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Speaking as a former Arachnophobe, I can remember the specific day I learnt to fear spiders. While my parents encouraged me to learn more abput spiders, it was the response of other children my age that ultimately taught me to fear them. It was like a "click" in my brain, and BAM, Arachnophobia. In the same manner I've overcome the phobia by learning more about our spider friends and finding myself in communities where spiders are appreciated. My perception of them shifted, and now they are these adorable, beautiful, remarkably intelligent and ultimately misunderstood little critters, whereas before they were the spawn of satan. In this way I believe phobias are both by nature and nurture, and to some extent genetic as well.
 

Smotzer

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Be interesting to put one of us on here in that seat and watch us smile at the sight of a spider leg... Wonder what that would do to the data lol.
 

Jess S

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Please note. Only the image of the spider leg was shown. Not the entire spider. If this might make any difference.
Most people who are scared of spiders really find the legs the most scary thing.
 

darkness975

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Background, a friend, a psychologist. Her daughter is studying psychology. Testing students at her college using an Electroencephalograph, EEC, on random student volunteers. Showing the test subjects assorted images, one images elicited a significant neuro response in one or two out of every 10 subjects. The image of a long spiders leg. Shown an animated graphic of the same image the persons who had a response initially had a stronger response and one or two additional test subjects had some response.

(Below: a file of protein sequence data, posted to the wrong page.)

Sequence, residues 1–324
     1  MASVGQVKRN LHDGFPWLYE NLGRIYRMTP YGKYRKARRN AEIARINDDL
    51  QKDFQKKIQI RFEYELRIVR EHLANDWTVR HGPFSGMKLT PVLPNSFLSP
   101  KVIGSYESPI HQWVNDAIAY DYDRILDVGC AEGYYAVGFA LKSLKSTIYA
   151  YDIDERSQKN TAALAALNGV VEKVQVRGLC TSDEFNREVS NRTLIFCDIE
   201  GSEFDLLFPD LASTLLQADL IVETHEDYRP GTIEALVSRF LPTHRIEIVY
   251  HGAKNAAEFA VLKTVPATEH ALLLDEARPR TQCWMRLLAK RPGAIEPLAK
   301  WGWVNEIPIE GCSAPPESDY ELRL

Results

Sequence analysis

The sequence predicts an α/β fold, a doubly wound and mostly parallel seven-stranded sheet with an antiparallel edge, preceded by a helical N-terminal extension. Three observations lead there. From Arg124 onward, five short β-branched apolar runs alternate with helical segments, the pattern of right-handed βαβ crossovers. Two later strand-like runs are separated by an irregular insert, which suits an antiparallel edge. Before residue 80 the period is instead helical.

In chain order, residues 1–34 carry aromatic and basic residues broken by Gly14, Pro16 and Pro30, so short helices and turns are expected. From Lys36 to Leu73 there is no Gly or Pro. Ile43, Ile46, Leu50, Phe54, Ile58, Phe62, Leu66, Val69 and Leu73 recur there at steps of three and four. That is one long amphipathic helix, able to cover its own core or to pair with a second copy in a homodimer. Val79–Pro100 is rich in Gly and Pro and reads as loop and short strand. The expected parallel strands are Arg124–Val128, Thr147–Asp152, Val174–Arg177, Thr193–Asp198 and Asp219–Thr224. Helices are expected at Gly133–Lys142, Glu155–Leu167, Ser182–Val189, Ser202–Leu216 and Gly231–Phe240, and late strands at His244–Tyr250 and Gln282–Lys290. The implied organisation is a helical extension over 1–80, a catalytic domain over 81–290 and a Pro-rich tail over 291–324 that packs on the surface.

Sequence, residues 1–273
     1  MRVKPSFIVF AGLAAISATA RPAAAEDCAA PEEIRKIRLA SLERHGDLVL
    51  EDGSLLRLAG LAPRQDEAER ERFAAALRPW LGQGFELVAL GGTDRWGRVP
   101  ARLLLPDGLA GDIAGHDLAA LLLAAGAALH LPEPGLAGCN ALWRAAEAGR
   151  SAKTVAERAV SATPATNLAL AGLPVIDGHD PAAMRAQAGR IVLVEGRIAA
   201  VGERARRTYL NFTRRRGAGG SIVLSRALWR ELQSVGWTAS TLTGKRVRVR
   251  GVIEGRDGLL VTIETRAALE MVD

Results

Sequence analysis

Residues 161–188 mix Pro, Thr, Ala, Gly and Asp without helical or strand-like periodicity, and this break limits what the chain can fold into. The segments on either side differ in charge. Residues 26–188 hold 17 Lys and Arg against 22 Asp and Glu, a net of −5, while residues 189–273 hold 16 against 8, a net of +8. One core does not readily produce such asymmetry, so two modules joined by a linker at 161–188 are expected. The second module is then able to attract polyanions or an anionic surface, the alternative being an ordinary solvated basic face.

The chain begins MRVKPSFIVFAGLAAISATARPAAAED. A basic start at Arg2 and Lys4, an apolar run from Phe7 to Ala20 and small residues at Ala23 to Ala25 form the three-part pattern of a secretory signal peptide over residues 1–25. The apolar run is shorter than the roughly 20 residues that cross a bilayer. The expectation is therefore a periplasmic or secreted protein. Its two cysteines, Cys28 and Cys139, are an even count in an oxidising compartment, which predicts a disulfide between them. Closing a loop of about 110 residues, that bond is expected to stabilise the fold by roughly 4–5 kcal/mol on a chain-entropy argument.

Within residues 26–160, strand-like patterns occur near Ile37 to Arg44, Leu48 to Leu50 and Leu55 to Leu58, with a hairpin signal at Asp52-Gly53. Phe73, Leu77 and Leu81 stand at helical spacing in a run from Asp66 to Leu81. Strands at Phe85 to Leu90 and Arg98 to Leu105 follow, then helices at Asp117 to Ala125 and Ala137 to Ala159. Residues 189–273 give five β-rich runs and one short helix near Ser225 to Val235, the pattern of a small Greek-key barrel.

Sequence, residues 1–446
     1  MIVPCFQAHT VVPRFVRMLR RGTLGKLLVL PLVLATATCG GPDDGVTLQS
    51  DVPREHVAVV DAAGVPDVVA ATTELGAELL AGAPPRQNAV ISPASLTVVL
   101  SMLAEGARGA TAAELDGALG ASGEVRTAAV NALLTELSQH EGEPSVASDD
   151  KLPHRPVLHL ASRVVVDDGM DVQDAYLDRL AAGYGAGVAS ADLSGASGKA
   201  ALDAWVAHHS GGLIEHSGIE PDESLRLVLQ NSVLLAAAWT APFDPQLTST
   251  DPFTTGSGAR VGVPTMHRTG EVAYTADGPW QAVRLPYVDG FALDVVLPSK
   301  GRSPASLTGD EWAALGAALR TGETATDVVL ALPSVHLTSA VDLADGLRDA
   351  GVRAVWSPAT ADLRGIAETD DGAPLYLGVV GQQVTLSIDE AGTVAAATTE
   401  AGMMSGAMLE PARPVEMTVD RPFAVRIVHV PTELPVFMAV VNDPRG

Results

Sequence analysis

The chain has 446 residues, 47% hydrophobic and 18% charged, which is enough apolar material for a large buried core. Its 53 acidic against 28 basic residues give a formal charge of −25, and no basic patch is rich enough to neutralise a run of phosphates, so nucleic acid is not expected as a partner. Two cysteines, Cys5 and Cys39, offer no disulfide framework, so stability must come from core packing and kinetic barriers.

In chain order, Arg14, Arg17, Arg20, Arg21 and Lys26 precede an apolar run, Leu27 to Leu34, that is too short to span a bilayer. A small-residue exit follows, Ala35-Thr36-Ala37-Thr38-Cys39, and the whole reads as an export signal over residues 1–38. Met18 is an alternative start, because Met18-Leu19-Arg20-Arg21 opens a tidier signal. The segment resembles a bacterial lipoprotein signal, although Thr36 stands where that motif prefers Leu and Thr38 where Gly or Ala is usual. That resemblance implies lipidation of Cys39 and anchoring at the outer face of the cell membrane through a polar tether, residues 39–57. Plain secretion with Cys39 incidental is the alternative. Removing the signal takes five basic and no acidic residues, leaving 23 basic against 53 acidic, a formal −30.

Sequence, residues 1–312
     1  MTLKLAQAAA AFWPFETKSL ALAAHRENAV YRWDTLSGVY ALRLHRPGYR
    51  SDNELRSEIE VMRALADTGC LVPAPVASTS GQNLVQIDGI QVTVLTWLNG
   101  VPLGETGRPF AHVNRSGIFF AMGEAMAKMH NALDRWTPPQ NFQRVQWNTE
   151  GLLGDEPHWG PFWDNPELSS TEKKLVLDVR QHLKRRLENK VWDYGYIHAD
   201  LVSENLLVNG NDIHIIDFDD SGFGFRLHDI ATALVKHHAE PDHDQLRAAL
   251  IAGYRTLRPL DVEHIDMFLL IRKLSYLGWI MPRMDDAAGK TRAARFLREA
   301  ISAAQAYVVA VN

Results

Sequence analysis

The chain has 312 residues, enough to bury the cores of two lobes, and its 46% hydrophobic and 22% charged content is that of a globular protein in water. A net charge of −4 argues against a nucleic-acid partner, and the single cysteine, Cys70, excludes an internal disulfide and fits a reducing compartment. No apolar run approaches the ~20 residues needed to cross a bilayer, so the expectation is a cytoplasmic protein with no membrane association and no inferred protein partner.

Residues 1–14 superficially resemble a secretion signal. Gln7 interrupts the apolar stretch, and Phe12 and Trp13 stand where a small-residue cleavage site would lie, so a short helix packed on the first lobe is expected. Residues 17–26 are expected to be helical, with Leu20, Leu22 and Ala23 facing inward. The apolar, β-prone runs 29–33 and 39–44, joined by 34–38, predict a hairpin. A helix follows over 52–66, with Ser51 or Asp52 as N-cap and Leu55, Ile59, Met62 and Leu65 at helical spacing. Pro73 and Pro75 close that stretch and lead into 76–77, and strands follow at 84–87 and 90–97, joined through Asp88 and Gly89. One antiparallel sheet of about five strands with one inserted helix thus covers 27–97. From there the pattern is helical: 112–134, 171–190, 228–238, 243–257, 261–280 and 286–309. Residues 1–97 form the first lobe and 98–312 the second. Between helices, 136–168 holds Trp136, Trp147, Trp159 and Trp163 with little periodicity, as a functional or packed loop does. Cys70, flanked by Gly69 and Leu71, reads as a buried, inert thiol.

So the question I've been asked to ask is where is the origin of this response?
Biology.
 

Arthroverts

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Okay without starting a big debate on beliefs, im personally one to believe in creation over evolution. My personal take on arachnophobia is we are designed with inbuilt safeguards to keep us protected when we are still young. For instance, 99% of us are scared of the dark as children, as it is a safety risk to us. But as we grow older, responsibility and social pressure kind of make this fear disappear over the years.

Arachnophobia is i believe something similar. Medical records show that spider venom has a far stronger effect on children than adults, so i think that fear of insects and arachnids is another safeguard that helps us to steer clear of any possible danger to ourselves at a young age. However, unlike a fear of the dark, the modern world rarely pushes responsibility or pressure on us to overcome this fear. As a result we are left with people morbidly phobic of them left right and centre
I agree with this. I would also add that in many instances I do feel the attitude towards spiders and invertebrates in general is oftentimes learned, especially in regards to small species; if you look at young children who are not raised in environments where fear of spiders is implied and/or impressed (you can easily pick them out at reptile shows), they tend to not be as afraid of spiders and other "bugs". Young children raised in environments like that also seem to show less fear, but as they age they seem to shift into being arachnophobes. However, as you pointed out Rezonant there is definitely a "nature" component to it as well; it's not all nurture. This is all from personal observations and is not necessarily backed up by any scientific studies.

Please note. Only the image of the spider leg was shown. Not the entire spider. If this might make any difference.
I don't know how much difference this makes. I'm assuming most people, upon recognizing what it was, would imagine a full spider and not just the leg.

Thanks,

Arthroverts
 

The Snark

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Just to mention, the responses on this thread have all been recorded and given due consideration. None have gone ignored. My input here is severely limited in that I'm forbidden to coach or comment.